Don’t Count Your Job Offers Before They Hatch

I was sitting at my computer wondering when I would start my new job. I was really excited, and the night before I even dreamed about my first day on the job. I was going to be a project manager at a really cool, bleeding edge high tech company that was recently funded. My new boss had worked managing project managers at Microsoft. I think he left there relatively wealthy, but he couldn’t not work. He would be the perfect mentor: structured, experienced, etc.  The technologists at the company were senior scientists of the like I had never seen or worked with before.

As I was sure I was going to start soon, I pretty much stopped doing everything else in my job search.  I sent an email to my future boss asking where we were at, expecting him to say “come in on Monday!  Let’s do this thing!”

Instead, I got a reply back that said something like “we have decided to go with someone else.  Sorry, and good luck.”

I stared at the screen.

This was the lowest point of my job search.

I was sure that the job was mine.  I was excited about this new chapter in my life. I was ready to move into a more structured project management environment, and get great training from this new boss.

I had ignored the yellow flags because I was so hopeful.  Turns out the ex-MS guy had all of the characteristics of a narcissist and would surely have been a horrible boss.  The two other project managers that interviewed me didn’t even know there was a job opening (the were surprised to even be interviewing me).  There really wasn’t an opening at that company, and I’m not sure why I was allowed to interview.

Within a year the company had closed down.  Good riddance.  Karma.  I wasn’t sad one bit.

But that morning, reading the rejection email, my already frail world had shattered.  I remember going into a trance. I got on the treadmill and just walked and walked and walked.  I had been neglecting my physical self as I focused on my job search.  It had become my “center.”  In 7 Habits of Highly Effective People, Steven Covey warns us about choosing our centers.  He says that we have to be careful because if we choose a center (like a job, family, school, church, etc.), and that center fails us, then what happens?  We are left without grounding, direction, etc.

I walked on the treadmill, trying to make sense of the rejection.  It had to be a mistake.  He had to have lied from day one.  Nothing was true anymore.  I couldn’t trust my own judgement.

But I must figure this out.  No one else is going to get this money situation solved for me.  I had to do it.  I had to pull myself together.

Job search experts say that even though you have interviews, keep networking.  Even if you have job offers, keep interviewing.  Even when you have a job, keep looking for a job!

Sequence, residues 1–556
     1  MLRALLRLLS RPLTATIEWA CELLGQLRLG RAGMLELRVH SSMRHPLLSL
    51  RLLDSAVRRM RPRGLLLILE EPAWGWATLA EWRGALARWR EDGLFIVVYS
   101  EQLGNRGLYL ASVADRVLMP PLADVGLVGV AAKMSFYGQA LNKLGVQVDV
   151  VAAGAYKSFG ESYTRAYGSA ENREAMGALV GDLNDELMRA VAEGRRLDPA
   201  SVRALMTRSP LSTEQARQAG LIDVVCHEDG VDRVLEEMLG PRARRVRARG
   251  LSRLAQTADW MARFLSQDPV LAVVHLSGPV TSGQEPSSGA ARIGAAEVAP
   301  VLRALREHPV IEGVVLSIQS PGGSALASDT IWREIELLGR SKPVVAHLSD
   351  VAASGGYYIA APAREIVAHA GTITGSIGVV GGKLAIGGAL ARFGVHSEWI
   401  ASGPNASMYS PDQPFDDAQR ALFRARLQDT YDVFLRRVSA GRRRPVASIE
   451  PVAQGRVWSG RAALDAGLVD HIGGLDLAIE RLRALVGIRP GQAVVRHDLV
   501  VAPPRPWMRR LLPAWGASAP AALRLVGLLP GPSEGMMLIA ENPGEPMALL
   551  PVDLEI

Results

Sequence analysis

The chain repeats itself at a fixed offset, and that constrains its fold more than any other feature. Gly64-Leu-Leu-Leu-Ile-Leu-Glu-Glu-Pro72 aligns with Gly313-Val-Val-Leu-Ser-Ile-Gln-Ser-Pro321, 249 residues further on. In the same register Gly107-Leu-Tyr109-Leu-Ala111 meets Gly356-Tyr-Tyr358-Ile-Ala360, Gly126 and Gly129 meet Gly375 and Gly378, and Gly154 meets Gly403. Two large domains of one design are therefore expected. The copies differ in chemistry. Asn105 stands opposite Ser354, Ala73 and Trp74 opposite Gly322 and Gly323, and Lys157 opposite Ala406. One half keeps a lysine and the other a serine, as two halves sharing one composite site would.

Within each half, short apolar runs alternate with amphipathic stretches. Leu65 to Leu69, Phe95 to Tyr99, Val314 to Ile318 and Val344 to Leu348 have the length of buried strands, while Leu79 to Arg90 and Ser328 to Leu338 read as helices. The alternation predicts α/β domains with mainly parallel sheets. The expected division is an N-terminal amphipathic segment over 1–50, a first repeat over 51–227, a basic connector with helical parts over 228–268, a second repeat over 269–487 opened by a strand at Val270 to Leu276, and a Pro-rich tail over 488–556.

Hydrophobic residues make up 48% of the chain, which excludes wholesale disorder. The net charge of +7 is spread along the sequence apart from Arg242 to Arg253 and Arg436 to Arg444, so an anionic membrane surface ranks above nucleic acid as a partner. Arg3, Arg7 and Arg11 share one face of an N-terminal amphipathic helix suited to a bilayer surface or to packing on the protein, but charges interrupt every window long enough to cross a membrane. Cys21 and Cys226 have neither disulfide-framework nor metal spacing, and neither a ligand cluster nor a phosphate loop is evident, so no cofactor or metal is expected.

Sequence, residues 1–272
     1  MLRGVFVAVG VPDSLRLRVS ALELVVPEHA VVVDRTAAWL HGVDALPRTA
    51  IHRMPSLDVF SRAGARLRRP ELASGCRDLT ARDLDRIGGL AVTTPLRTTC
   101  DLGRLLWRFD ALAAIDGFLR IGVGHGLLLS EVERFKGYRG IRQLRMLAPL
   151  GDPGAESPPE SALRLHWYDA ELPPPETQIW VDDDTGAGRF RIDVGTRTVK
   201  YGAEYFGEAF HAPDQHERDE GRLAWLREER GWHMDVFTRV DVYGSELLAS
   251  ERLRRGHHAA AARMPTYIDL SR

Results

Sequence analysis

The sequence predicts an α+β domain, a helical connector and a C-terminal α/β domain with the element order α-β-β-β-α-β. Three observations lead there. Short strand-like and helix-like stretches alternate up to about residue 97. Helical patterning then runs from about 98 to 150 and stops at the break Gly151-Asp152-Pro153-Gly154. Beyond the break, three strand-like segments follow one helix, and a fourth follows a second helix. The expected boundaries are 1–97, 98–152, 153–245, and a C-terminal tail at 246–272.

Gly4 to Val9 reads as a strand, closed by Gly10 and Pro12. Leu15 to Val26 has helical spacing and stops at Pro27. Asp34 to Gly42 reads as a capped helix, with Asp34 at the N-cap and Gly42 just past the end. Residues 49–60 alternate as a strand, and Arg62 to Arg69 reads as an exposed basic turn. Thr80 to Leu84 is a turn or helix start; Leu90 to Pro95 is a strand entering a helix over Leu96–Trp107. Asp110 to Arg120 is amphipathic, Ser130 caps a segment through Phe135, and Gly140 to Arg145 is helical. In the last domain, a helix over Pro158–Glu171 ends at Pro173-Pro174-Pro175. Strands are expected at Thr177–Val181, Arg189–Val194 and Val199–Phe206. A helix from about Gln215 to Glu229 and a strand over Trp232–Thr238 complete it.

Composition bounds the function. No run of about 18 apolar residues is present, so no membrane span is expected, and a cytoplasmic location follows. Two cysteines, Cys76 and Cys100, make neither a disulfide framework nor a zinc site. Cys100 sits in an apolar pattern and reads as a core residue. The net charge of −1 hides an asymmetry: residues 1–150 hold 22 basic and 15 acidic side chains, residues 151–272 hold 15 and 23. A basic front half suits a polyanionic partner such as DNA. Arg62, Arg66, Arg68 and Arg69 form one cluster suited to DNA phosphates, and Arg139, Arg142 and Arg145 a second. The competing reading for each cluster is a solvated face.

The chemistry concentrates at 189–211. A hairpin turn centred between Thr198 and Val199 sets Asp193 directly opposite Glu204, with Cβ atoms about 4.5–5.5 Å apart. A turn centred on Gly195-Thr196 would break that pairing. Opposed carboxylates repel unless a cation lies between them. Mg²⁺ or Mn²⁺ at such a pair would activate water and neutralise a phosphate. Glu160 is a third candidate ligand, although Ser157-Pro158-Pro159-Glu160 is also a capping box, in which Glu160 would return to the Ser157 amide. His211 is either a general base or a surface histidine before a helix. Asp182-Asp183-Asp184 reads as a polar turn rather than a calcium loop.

And the rest of the world would say “don’t count your chickens before they hatch.”

5 thoughts on “Don’t Count Your Job Offers Before They Hatch”

  1. Same thing happened to me this week! I really felt that everything clicked on my interview. The people I met were great, and I felt I could have make a significant positive impact. I really wanted to join that company. Hearing that someone else was getting the fifer was disappointing, to say the least.

    I’m just barely starting my job search, and it will turn into a full-time thing soon enough. Not stopping everything you are doing, even after a great interview, I’m learning is so very important.

    I’m trying to be excited by the fact that my background was get me the interview. Learning from the experience and getting better at showing how We can be an asset to a prospective employer, can only help us get the offer.

    Good luck!

  2. @Russ, no, no one cares (or should care) about spelling on blogs… don’t worry about it 🙂 🙂

    Sorry about your experience this week. I needed time to be down in the dumps, but somehow I got back to work. It was clearly an important journey for me to go through, so that I could be who I am with JibberJobber.

    One big message I got from that, and the whole experience, was to continually do things to improve my position with my own career management, from managing relationships (a la JibberJobber) to personal branding to improving my skills to finding alternative revenue streams… no longer was I a one-company, trust-the-company for my long-term paycheck. Hard lesson to learn… but I’m stubborn like that.

    Thanks for sharing, and good luck this weekend – do something to pick yourself up.

  3. Your last paragraph is the key – never forget that you are a truly unique professional, with talents and accomplishments that cannot be duplicated. It is also helpful to remember that every interview, successful or not, has the potential to better prepare you for the next one. If you can objectively reflect on the interview, you’ll be able to determine what you did right (and might want to do again, if appropriate) and what you’d like to improve.

    Don’t let this rattle you – it was a good experience (you got to the interview stage, right?), you can learn from it, and now you can move forward armed with more knowledge than you had before!

  4. Some authors and career coaches recommend that candidates “ask for the job” at the end of the interview, but I haven’t seen any of them offer a good way to actually phrase the question. Asking, “Can I have this job?” is one of the worst things a candidate can say.

    At the end of the interview, I recommend asking, “Am I the type of person you are looking for?” If the first word is “ummm,” anything that follows is the interviewer being polite. You’re out. If the first word is “well,” you’re probably missing some skill or experience. Ask what it is so that you can improve your profile.

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